An Overview on Prison Reforms in the UK

By | January 17, 2022
Prison Reforms in the UK

Last Updated on by Admin LB

The present article, “An Overview of Prison Reforms in the UK” will focus on prison reforms in the UK. Firstly, the article will examine the history of penal institutions. Secondly, the prison administrative framework will be discussed, and the administrative or legislative documents affecting the prison reforms themselves will be examined. Finally, the various issues and concerns of the UK prison system will be analyzed.

Introduction

“…Britain currently leads its western European neighbours in terms of inmates per head of population. England and Wales jail 138 of their population per 100,000; Scotland 147. Compare that with 76 in Germany and 59 in the Netherlands and Norway. Even Spain (123), Italy (101) and France (105) lag behind us...”[1]

The above statistics relating to the prison population in the United Kingdom, (‘UK’) tally with the reported ‘dramatic’ increase in persons who are serving long prison sentences.[2] According to a report published by the Prison Reform Trust, nearly 11,000 people in person in the UK will spend at least 10 years in custody. Critically, some of them may be undertrials or be serving indeterminate sentences with no clarity as to when or if they will be released.[3]

Many critics question why prison reforms are necessary when theories of punishment are geared towards deterrence and setting examples to the rest of society. However, modern penology has moved from a deterrence model to a reformatory system. This implies that rather than punishment for the sake of punishment, prison systems look to reforming individuals and releasing them into society, as individuals with vocational skills that can contribute to the economy.

According to the UNODOC, the central argument in the promotion of prison reforms is the assertion of the human rights of the prisoners and the growing evidence that imprisonment as a form of punishment does not always lead to the best outcomes in law enforcement, including deterring future offenders.[4] Further, prison reforms in nations are also motivated by the detrimental impact of imprisonment upon communities and economic factors, such as scarce public resources.[5] Prison reforms may also refer to attempts in improving prison living conditions, such as improving sanitation and providing greater access to visits by families of the prisoners.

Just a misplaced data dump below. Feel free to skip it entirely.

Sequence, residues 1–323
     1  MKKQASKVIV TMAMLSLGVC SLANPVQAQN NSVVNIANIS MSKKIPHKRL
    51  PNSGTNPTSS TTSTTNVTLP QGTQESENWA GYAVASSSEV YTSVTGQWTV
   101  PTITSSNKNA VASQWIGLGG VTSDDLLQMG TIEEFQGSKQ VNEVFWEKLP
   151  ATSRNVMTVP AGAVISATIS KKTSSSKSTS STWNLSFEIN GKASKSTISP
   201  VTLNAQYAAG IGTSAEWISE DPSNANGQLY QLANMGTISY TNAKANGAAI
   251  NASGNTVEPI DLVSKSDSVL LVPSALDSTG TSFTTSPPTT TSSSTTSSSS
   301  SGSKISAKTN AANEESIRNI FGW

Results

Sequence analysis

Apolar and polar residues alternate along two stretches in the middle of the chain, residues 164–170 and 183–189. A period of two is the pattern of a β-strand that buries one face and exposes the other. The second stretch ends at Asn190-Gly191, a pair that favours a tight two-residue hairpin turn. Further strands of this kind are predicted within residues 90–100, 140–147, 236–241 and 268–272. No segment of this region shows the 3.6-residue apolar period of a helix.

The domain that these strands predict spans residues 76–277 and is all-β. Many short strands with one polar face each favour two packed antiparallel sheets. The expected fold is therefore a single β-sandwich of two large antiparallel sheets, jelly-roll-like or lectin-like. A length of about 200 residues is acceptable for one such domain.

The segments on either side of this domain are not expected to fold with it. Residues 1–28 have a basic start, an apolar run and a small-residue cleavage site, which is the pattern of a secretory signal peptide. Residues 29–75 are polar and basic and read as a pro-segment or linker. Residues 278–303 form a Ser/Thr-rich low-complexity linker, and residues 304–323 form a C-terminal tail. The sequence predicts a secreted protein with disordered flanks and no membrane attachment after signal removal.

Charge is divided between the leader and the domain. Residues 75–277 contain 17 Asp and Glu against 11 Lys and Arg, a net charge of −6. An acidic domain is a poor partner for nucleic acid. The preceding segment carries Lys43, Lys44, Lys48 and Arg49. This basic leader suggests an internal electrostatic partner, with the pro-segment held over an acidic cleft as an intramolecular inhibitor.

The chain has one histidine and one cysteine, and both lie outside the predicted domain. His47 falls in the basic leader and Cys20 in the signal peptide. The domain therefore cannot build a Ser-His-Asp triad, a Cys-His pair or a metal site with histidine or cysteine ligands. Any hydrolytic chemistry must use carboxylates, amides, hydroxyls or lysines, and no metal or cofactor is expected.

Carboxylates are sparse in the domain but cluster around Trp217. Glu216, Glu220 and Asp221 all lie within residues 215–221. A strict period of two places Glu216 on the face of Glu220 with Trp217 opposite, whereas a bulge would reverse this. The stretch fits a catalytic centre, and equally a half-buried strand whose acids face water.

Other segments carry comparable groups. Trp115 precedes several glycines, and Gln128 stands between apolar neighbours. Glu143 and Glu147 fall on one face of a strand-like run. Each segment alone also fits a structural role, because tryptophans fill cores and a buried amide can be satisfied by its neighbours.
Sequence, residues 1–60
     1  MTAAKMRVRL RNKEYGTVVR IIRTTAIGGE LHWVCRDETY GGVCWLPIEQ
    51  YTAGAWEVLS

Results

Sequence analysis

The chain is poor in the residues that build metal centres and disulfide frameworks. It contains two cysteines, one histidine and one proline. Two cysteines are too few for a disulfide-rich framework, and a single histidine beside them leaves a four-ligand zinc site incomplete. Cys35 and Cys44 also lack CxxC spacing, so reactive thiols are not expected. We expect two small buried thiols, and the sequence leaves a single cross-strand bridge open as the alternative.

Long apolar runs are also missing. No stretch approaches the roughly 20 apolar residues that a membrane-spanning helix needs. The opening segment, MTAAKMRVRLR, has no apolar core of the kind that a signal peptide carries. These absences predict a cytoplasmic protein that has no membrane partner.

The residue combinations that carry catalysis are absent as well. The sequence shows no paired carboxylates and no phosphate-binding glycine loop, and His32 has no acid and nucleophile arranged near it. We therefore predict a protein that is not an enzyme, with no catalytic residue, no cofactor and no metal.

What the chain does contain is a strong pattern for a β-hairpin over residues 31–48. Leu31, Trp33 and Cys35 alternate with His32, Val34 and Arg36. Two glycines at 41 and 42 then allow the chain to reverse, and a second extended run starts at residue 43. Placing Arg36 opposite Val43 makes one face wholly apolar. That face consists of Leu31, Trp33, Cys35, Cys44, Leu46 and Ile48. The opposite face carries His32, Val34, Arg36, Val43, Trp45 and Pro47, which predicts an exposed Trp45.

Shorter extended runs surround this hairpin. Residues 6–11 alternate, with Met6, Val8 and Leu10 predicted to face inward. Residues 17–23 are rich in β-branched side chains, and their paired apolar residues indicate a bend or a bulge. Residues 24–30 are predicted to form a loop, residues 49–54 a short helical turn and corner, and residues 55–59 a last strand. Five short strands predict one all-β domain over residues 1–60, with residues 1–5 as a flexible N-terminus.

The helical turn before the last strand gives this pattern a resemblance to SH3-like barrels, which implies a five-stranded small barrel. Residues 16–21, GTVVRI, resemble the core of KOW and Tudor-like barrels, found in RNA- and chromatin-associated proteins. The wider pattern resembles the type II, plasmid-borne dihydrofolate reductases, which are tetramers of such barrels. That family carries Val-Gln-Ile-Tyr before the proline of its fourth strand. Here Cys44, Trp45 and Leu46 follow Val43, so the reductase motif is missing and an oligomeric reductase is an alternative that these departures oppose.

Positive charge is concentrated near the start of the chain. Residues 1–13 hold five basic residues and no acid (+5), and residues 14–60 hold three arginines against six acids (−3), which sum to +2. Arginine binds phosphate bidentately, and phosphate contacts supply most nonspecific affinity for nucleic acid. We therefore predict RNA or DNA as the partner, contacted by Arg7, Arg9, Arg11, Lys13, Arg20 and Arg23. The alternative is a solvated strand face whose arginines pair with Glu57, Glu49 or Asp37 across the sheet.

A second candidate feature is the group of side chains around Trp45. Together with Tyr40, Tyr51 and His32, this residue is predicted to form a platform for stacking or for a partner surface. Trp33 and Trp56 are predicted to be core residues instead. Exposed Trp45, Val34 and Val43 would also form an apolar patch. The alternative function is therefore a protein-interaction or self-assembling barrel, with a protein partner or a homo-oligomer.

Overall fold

History of Penal Institutions and Penal Reforms

The use of prisons as a form of punishment is relatively new, with corporal punishments, public beheadings, etc being the most favored mode of punishment historically. In 18th century England, the British justice system used prisons for all kinds of offenders including debtors (civil offenders) to convicted murderers and thieves.

John Howard, who was an important social reformer, visited several prisons in Europe, including England, and published various treatises on the state of prisons.[6] In his work, he proposed that prisoners should have designated cells, with separate sections or prison blocks for women inmates, male inmates, juvenile offenders, and debtors.[7] He further suggested solitary confinement, hard labor for inmates, and religious instruction (coming from the term ‘repentance’).[8] According to him, the object of punishment was reformation and rehabilitation and not penalization per se.[9]

The major legislation on prisons at this time was the Penitentiary Act, 1779. The 1779 Act authorized the construction of two prison complexes in keeping with Howard’s theories on state-controlled prisons.[10] The 19th century heralded new legislation on prisons known as the Prison Act of 1877, which altered the administrative hierarchy of prison systems, away from the control of magistrates, as it had been under the 1779 Act.

The period of 1877-1914 was a period of transition for the English penal system, with several legislative reforms to the prison system. The Prison Commission in 1877 nationalized and brought the localized system of prisons in the county under its jurisdiction. Next, the Prison Act of 1898 enabled the Home Secretary to push through multiple reforms without having to go through numerous procedural and political requirements.[11]

A vital change to prison populations was brought in by the Probation of Offenders Act, 1907 which introduced a new mechanism of probation that reduced prison inmate populations, thereby reducing public expenditure costs. Major reforms had also been championed by Winston Churchill, which were unpopular politically but arguably had a long-term positive impact by shortening prison terms and streamlining the process of rehabilitation.[12]

Prison Framework

1. Legislative Framework